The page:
Two horses flank a tripod, with a goat above. Detail from a Geometric oinochoe (wine jug) made in Athens and attributed to a painter of the Concentric Circle Group; ca. 735-730 BCE. Now in the British Museum. Photo credit: Zde/Wikimedia Commons.
Pulling pots from the raku kiln and applying some horse hair and a pine cone or two. www.etsy.com/shop/franknemick
#ceramics #ceramicart #coloradoart #contemporaryart #contemporaryceramics #minimalism #art
#stoneware #process #colorado #pottery #coffeetime #process #ceramic #clay #clayart #raku #huffpostgram #potsinaction #artstudio #potterymaking #clayvideo #horsehair #horse (at Frank Nemick, Man Dreaming)
New discoveries unearthed at Terracotta Warriors site
Stone helmets, armor and the remains of thousands of animals and relics related to animals are among the latest archaeological finds at Emperor Qinshihuang’s mausoleum in Shaanxi province, according to CCTV.com.
The items were found in excavations at the celebrated site, which is home to China’s iconic Terracotta Warriors.
More than 400 pits, stone helmets and armor discovered
Zhou Tie, the head engineer of the Emperor Qinshihuang’s Mausoleum Site Museum, said that during a recent excavation, the archaeological team learned the general structure of the mausoleum and a large number of pits were discovered. More than 400 pits were found in the mausoleum and dozens of small pits and tombs were found around the site.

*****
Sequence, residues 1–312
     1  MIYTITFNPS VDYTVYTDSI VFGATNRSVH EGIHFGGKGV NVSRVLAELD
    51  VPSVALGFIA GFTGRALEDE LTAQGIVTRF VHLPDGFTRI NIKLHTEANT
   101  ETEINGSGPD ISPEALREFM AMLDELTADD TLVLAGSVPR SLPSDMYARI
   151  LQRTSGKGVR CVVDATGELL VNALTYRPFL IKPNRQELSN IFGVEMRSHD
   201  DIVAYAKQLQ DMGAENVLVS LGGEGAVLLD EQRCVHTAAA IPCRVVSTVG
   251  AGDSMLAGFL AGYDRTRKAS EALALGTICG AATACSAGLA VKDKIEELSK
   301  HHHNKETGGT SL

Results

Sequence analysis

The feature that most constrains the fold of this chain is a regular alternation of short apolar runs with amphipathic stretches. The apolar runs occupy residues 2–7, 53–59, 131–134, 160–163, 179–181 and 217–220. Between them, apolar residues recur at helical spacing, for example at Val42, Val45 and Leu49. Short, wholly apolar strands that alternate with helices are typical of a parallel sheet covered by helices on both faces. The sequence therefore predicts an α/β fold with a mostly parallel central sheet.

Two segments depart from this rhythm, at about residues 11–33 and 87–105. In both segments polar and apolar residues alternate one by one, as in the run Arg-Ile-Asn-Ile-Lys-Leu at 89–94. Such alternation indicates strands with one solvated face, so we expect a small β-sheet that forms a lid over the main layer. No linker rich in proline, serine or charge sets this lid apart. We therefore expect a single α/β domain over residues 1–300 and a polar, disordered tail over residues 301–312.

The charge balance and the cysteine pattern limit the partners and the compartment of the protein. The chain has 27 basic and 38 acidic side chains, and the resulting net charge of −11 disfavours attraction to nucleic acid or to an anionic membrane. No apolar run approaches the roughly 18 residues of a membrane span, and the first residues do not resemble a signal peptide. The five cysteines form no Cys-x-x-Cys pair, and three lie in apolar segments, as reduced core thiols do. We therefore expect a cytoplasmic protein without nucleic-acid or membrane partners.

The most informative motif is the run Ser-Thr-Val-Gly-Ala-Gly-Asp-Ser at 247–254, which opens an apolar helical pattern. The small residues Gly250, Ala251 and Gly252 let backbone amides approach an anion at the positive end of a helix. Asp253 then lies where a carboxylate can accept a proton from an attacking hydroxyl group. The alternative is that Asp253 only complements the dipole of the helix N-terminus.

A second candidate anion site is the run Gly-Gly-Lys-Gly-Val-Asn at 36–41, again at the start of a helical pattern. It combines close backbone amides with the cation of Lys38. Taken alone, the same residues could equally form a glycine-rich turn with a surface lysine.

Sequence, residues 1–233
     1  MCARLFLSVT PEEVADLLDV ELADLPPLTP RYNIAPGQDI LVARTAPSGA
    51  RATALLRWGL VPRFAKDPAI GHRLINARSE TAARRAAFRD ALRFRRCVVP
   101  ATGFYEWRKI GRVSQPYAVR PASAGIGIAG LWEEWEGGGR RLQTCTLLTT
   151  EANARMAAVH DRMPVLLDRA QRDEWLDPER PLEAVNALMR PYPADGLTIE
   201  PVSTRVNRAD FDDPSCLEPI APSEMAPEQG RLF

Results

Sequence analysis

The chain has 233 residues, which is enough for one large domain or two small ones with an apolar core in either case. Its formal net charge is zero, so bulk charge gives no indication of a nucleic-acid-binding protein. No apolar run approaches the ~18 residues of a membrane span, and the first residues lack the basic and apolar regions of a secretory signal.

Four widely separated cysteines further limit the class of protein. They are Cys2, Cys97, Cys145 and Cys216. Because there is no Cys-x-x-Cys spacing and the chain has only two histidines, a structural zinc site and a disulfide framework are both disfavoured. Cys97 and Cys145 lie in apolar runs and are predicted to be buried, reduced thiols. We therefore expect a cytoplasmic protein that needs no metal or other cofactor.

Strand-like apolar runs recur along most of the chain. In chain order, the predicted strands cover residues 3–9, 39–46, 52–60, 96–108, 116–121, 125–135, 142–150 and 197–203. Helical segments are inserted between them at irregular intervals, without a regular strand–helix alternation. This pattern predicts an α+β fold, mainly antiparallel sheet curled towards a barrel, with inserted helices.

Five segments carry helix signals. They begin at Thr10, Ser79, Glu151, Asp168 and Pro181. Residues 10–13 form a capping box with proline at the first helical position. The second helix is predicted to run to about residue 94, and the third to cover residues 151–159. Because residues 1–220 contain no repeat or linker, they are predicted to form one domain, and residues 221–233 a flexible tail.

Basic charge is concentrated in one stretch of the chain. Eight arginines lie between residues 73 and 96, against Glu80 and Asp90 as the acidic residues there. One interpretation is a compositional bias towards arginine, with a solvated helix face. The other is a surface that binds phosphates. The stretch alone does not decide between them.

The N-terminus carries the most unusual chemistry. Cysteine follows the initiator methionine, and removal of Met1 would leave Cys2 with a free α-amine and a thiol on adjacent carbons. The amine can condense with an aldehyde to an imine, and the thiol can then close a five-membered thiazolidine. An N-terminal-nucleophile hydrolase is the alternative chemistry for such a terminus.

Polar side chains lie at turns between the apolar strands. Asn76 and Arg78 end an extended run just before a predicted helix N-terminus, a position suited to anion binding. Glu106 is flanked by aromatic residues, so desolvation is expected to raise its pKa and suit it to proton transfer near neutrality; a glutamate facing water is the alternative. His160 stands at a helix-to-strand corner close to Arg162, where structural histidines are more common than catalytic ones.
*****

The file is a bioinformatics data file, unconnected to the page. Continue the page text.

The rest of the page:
A large number of stone helmets and armor were found surrounding the mausoleum. Experts believe these were not used in actual war, but their real function still needs to be researched.
Ancient people of the time used animals as burial objects and the emperor’s mausoleum was no exception.The new archaeological findings reveal that thousands of animal-related relics have been found in the mausoleum; that makes it the tomb in China with the most animal species so far.“Different animal species were unearthed in Emperor Qinshihuang’s mausoleum, including real animals and those made of pottery or iron,” Wu Lina, from Emperor Qinshihuang’s Mausoleum Site Museum said. During the Qin Dynasty (221-206 BC) people gradually grasped animals’ habits and learned the skills necessary to raise and train them to some extent.According to preliminary statistics, the most unearthed animal in the mausoleum is horse.
Horses come in many forms: pottery, copper, horse bones unearthed from stable pits. Other animals unearthed include rare birds and beasts and water fowl. Yet to be identified are animal bones.Wu Lina said that after years of excavation, the animals unearthed from the mausoleum include deer, muntjac deer, figures of copper fowl, such as cranes, swans and swan goose, plus the bones of sheep, chicken, fish and turtles, as well as shellfish ornaments.Animal and human beings have existed side by side since ancient times, and the concept of biodiversity should be advocated even vigorously nowadays, Hou Ningbin, the museum’s head, said.
Warning: some of this shit may not make sense. I’m not in it to win it tonight, so idk how coherent I actually am.